This film could easily go the clichéd route of, say, Mr. Holland’s Opus—tough, unconventional teacher eventually softens as scrappy, hard-headed student(s) make him incredibly proud in final number at Regionals (Or whatever. I’ve actually never seen Mr. Holland’s Opus, but I assume I’ve fucking nailed it). But Whiplash never strays down that path. Teller and Simmons have a predictably turbulent teacher-student relationship, but every time I thought, “Oh, here’s where he’ll win the old man’s approval” or, “Here’s where they’ll really pull it together, against all odds,” the movie yanked the rug out from underneath me. I basically had an ulcer when I walked out of the theater because I was so stressed the whole time. Again, this is a movie about jazz drumming.

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PSA: You don’t need to be into jazz to be into this movie. My music taste is one part folksy sadness, one part electronic dancey, two parts Beyonce, and like ten parts terrible pop. I halfway considered getting into jazz after seeing Whiplash, but then I realized I was talking crazy, and turned on Nick Jonas. (Was “Jealous” out at that time? Probably not. But damn, that song is good.)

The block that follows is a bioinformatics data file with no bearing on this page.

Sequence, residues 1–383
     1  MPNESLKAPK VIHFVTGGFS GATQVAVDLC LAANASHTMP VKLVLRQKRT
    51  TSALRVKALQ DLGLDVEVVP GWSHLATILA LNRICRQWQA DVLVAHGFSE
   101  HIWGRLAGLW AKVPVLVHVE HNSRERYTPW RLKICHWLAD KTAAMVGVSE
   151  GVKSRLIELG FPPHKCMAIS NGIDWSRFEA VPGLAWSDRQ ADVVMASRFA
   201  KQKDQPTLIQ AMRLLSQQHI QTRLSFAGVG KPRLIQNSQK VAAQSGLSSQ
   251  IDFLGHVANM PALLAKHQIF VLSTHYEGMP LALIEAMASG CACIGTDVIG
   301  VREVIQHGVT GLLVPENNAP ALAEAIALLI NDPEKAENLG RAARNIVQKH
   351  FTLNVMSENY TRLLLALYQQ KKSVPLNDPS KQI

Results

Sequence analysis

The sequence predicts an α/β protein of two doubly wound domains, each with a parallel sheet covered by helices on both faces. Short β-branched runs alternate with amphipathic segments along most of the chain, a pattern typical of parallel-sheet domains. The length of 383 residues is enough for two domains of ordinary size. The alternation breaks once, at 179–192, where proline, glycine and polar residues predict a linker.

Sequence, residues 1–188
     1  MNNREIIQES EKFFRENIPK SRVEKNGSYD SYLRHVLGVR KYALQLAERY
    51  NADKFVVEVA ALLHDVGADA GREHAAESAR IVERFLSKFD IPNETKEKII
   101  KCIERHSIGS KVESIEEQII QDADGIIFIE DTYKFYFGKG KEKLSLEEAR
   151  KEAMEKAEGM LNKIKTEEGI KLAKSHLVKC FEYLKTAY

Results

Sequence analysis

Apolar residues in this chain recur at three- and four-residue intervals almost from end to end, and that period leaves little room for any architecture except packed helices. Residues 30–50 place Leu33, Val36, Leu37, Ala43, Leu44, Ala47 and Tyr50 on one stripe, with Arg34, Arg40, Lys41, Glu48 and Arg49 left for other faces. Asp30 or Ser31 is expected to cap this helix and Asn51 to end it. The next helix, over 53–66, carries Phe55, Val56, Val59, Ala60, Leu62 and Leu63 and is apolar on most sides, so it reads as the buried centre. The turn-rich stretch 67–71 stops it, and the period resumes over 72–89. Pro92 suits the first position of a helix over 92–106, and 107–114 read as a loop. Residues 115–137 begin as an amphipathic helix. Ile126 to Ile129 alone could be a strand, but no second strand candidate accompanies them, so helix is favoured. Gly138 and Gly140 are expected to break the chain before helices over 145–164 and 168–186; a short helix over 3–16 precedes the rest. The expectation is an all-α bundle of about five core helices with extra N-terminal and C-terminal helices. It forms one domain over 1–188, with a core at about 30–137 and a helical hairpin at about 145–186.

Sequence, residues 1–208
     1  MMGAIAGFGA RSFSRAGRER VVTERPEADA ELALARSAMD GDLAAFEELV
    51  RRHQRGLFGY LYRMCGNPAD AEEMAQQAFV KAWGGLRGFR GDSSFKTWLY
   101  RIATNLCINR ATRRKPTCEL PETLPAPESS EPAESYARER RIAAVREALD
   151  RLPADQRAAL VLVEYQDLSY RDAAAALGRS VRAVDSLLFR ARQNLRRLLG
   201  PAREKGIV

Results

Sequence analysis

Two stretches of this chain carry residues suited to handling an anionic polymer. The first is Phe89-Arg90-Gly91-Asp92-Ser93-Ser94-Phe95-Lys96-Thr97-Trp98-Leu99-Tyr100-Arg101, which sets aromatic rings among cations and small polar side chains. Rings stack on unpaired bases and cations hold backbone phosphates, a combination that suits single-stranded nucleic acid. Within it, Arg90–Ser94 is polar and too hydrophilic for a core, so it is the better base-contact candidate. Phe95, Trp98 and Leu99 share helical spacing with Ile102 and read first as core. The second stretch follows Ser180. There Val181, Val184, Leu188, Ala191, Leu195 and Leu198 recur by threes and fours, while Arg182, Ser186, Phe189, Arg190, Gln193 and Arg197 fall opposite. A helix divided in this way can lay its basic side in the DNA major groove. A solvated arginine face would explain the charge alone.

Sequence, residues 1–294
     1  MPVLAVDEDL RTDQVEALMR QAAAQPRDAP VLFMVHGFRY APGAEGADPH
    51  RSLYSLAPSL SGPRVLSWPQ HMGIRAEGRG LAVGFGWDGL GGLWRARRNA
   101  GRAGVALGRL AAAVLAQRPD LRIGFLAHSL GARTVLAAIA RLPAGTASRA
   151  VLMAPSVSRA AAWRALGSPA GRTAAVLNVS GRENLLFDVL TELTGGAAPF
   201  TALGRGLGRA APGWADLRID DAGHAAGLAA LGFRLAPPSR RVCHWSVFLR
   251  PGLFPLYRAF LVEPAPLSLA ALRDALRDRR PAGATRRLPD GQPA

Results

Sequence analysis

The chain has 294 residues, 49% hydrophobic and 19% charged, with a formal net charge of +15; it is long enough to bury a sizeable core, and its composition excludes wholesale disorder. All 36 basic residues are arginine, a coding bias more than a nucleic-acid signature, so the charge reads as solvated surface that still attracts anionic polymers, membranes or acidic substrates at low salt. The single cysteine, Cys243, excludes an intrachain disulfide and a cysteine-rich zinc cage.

Simmons is favored to win Best Supporting Actor at the Oscars, as he’s been cleaning up all around town this awards season. The movie probably won’t win anything else, but the fact that it garnered at least 5% of votes to get the Best Picture nomination is win enough for me. In a season of snubs, this was one nod that felt both surprising and deserved.